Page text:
Remember – about an hour before bed, turn down the thermostat to 60 – 68 degrees. Try listening to quiet music. It can help to create a relaxing bedtime ritual. Calming music produces a white noise in the room and a constant rhythm to calm down your brain.
Keep to a constant routine and enjoy a good night’s restorative sleep! Healing always begins with a good night’s rest!
Thank you for this opportunity to discuss the importance of good quality sleep and how we may achieve it with the wisdom of nature. Taking a pharmaceutical sleeping pill does NOT offer the healing during REM sleep or glymphatic cleansing that is needed to be prepared for the next day’s events and challenges. Getting restorative sleep NOW will matter for your brain health, your immune system & your energy level for decades to come!
And that wraps the interview and Dr. Dani’s holistic approach and tips for getting better sleep.
Thank you to Dr. Dani for sharing your knowledge and experience with us.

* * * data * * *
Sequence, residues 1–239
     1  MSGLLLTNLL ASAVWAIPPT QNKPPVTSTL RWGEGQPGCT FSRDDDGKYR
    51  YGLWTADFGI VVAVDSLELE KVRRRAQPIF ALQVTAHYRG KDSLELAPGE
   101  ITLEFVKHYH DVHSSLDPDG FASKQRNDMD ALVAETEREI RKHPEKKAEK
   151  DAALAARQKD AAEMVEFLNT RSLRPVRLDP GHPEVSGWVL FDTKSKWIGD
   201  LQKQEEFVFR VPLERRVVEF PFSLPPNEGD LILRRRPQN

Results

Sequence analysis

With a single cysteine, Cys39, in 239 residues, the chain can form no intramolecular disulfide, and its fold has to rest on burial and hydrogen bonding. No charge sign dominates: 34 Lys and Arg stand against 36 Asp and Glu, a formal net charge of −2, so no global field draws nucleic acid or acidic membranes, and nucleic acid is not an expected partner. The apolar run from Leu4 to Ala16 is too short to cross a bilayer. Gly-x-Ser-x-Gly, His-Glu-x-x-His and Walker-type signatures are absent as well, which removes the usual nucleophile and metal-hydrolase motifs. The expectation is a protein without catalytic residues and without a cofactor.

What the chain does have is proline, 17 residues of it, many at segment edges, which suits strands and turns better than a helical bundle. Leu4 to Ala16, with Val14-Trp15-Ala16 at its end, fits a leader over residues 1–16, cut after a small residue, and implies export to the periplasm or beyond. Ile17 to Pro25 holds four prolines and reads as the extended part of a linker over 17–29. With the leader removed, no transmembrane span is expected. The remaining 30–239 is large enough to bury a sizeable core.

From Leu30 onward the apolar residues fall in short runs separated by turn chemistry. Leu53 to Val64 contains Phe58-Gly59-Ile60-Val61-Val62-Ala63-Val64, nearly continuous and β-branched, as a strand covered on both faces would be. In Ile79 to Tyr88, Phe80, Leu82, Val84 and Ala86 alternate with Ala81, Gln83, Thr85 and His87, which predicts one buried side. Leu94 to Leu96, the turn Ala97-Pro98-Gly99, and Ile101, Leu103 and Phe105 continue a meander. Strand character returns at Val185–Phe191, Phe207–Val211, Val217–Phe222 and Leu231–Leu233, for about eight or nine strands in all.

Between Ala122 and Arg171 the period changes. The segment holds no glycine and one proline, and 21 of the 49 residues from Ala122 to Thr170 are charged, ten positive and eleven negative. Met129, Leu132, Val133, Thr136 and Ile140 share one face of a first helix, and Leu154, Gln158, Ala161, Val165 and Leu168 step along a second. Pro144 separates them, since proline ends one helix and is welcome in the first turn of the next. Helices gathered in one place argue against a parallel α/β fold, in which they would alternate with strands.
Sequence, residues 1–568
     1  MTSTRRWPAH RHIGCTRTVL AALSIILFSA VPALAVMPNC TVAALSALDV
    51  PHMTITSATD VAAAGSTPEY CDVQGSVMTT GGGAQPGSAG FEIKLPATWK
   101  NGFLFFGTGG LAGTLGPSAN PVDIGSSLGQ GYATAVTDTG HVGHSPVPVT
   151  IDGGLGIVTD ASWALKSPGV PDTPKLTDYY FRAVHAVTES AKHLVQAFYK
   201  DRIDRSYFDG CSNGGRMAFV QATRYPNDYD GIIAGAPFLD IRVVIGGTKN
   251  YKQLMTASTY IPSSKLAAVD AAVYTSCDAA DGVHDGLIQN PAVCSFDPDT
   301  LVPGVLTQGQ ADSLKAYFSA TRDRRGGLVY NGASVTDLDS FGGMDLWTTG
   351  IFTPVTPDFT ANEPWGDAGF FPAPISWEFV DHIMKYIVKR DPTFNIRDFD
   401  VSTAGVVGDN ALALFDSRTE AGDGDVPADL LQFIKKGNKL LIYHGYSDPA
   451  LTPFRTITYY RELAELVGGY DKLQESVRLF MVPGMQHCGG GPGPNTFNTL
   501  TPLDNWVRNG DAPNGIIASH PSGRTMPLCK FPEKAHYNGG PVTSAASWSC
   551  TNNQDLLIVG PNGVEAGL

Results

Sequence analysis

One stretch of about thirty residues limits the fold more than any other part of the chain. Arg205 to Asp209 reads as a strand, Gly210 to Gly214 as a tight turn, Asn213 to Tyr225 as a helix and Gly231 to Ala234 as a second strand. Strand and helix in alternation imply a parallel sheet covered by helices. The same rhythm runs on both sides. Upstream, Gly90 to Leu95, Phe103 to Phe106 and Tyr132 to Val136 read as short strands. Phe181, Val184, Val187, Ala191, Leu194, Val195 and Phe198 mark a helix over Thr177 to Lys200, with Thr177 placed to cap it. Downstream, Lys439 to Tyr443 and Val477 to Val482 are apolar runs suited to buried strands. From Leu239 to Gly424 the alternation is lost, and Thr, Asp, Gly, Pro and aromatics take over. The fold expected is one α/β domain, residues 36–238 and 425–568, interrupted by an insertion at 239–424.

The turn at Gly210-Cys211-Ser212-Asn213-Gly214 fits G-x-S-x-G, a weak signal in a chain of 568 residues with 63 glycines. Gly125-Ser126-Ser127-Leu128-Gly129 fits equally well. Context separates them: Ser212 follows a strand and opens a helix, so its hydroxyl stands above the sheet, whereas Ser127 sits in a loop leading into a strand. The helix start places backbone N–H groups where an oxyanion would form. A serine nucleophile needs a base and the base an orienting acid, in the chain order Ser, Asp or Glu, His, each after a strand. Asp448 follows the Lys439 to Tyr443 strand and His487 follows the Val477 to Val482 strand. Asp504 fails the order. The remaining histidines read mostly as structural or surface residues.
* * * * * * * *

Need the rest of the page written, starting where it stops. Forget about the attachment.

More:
Cheers to to finding holistic remedies for sleep that work for us and to taking better care of ourselves in 2020! – Marlene
*Disclaimer. This information is general and not a prescription. Understanding that everyone’s needs are unique, the best way to make the right choices regarding your individual health and wellness is by working directly with a holistic practitioner or your health care provider to learn what’s best for you.
*Dani Segal, PhD (Certified Holistic Nutrition Educator/Counselor) HealthWorks and Healthy Thymes Market advocate a holistic approach to natural health & well-being. The body’s ability & power to heal depends upon the totality of diet, nutrition, lifestyle & environmental factors. No claims for the cure of any disease is intended, or implied. Always consult your health care practitioner when combating disease states. For more information about Dr. Dani, please visit her website at www.beforeyoutakeanotherbite.com or if you you’re local, you can visit her at Healthy Thymes Market in Vernon, NJ.
And for those of you looking to further improve your 2020 – join me for my upcoming 5 Day Free Mindfulness Challenge beginning Monday, January 20, 2020. Explore what mindful means and how building a mindfulness habit can transform how you feel and how you approach life (and your 2020 goals!).
Click here for sign up & more details.